Los Angeles Rams' Matthew Stafford throws during the first half of the NFC Championship NFL football game against the San Francisco 49ers Sunday, Jan. 30, 2022, in Inglewood, Calif. (AP Photo/Mark J. Terrill)

Ensemble all-star casts can still be smash hits in Hollywood. “Don’t Look Up” — Adam McKay’s clever political satire starring Leonardo DiCaprio, Jennifer Lawrence, Meryl Streep, Jonah Hill, et al. — is getting some much-deserved Oscar buzz. There’s a sports production in town getting rave reviews, too.

Except this star-studded cast has achieved what other ambitious Los Angeles sports teams have struggled to do of late — put themselves in position to take home the hardware.

Unlike the Dodgers (who acquired All-Stars Max Scherzer and Trea Turner but fell short of the World Series) and the Lakers (who traded for Russell Westbrook and are struggling to make the playoffs with a collection of aging future Hall of Famers), the Rams took a giant step Sunday toward their goal of winning it all, booking their spot in Super Bowl LVI with a 20-17 NFC title game victory over the rival 49ers at SoFi Stadium.

Over the past year, L.A. teams have acquired star players in pursuit of championships because, in Tinseltown, if you’re not going big, you’re not trying. The Rams had already made major moves for standouts like perennial Pro Bowl cornerback Jalen Ramsey, and they spent additional draft capital to swing the offseason blockbuster trade for quarterback Matthew Stafford. Their all-in strategy also led to the additions of two more NFL stars, wide receiver Odell Beckham Jr. and outside linebacker Von Miller, during the season.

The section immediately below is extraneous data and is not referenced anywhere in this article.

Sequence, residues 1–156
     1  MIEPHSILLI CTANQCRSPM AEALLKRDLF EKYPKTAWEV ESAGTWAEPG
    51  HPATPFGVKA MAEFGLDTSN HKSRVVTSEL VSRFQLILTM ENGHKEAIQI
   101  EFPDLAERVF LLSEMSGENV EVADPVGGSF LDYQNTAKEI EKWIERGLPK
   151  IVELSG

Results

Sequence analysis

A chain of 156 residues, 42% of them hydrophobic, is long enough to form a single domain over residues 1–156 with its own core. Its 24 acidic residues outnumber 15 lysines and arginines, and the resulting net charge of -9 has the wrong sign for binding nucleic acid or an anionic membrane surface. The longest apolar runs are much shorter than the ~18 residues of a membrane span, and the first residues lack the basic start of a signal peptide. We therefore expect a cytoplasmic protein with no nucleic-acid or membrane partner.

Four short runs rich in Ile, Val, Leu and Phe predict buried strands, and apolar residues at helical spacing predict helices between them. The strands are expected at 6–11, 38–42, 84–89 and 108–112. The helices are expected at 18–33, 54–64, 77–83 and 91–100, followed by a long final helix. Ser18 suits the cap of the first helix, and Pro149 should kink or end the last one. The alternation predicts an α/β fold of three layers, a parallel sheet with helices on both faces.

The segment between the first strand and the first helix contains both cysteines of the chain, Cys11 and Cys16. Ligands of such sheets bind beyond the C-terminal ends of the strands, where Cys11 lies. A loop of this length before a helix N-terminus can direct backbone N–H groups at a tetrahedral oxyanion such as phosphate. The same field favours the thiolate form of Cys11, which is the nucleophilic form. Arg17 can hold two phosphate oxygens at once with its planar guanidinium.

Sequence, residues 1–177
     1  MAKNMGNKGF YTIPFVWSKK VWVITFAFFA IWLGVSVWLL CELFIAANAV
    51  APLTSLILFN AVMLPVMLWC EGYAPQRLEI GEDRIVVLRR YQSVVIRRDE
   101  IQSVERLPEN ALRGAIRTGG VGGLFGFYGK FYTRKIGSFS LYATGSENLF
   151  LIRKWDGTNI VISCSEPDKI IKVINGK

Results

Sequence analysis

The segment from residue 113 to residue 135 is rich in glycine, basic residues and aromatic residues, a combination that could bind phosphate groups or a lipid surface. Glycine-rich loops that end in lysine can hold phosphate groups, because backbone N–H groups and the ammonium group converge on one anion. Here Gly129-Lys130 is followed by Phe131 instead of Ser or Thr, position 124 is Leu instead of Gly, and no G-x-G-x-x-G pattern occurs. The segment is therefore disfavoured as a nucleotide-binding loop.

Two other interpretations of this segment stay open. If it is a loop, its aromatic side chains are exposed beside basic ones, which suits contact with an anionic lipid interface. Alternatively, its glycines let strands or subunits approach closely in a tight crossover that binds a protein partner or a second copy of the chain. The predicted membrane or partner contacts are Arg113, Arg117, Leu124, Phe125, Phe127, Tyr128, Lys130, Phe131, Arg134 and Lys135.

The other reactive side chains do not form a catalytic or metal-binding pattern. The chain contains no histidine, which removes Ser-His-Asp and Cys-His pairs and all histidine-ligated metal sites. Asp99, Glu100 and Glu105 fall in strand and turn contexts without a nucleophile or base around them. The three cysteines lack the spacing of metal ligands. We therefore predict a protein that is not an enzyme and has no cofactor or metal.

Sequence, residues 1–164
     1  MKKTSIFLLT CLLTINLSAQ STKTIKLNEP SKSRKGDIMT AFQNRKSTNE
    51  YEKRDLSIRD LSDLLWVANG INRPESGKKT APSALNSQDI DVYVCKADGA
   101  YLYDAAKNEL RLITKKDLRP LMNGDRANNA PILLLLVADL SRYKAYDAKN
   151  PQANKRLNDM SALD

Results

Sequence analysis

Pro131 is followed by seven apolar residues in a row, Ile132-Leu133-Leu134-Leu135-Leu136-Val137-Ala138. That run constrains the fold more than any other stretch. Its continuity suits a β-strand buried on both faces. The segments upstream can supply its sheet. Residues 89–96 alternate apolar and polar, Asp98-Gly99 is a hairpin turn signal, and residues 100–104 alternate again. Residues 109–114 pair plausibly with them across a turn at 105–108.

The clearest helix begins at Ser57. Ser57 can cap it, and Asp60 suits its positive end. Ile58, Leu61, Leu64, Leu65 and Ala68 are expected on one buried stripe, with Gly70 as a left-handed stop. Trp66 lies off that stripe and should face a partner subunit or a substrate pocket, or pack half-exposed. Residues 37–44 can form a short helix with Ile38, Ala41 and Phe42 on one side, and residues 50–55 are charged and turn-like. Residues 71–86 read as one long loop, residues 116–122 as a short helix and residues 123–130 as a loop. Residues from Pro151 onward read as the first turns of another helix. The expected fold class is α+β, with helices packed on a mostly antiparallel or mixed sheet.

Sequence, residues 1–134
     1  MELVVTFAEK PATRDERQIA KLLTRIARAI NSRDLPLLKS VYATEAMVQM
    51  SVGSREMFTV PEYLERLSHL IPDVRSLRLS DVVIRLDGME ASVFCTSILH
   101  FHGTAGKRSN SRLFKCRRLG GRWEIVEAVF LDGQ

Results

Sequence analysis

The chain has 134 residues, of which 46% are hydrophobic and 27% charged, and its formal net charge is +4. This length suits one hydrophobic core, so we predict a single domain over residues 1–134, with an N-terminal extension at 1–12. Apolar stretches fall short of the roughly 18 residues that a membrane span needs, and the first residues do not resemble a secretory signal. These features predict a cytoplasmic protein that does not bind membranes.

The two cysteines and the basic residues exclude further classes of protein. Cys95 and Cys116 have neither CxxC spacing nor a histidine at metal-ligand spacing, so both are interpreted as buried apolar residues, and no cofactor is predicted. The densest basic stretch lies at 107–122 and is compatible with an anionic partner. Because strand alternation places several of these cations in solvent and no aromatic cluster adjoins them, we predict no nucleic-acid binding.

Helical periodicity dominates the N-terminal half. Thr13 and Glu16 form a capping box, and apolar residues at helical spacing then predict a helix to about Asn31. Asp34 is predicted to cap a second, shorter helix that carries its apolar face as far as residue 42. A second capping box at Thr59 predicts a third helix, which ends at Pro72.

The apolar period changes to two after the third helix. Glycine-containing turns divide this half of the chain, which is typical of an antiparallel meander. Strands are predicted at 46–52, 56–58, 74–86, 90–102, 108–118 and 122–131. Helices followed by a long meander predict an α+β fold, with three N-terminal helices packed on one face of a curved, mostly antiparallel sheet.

This method of roster building is not the norm. In fact, it’s often been ridiculed. Typically, front offices prefer to construct competitive teams through the draft and also fill pressing needs via free agency. The Rams happily do the opposite, leveraging draft picks to acquire star players and then unearth key contributors in the draft’s later rounds.

Big-name, high-salaried veterans are proven commodities, but they must produce at peak levels for a team to get its money’s worth. Underachieving assets are problematic and difficult to overcome.

Of the Rams’ galaxy of stars, Stafford was the one they could ill-afford to have underperform.

His predecessor, Jared Goff, became the scapegoat for the team’s playoff failures, so when the 2016 No. 1 overall selection was sent to Detroit in exchange for Stafford, the No. 1 overall pick in 2009, the bar not surprisingly was set as high as can be for the 33-year-old. Never mind that Stafford had never won a playoff game in his 12 seasons with the Lions. With a rocket right arm that would allow him to make the throws Goff could not, he was immediately anointed as the missing piece to the Rams’ championship puzzle.

That’s quite a burden to place on a quarterback who had an 0-3 postseason record. But Stafford didn’t shoulder these expectations alone. The trade, which included two first-round picks along with Goff, turned up the pressure on Sean McVay and general manager Les Snead, who was tasked with giving the wunderkind head coach a roster supremely talented enough to make owner Stan Kroenke’s dream come true — his $5.5 billion palace hosting a Rams home game in the Super Bowl.

But you don’t spend that much money on an all-in, win-now roster just to be happy to be playing against the Bengals, the surprising AFC champions after upsetting the Chiefs 27-24 in Kansas City. The Rams will go into Super Sunday on Feb. 13 motivated to win their first championship since returning from St. Louis in 2016 and the city’s first NFL title since the 1983 Raiders (the only L.A. team to win a Super Bowl) because a victory would be monumental in the team's mission to win over football fans, especially those who are still loyal to the Silver and Black despite the Raiders' departure from Southern California 28 years ago.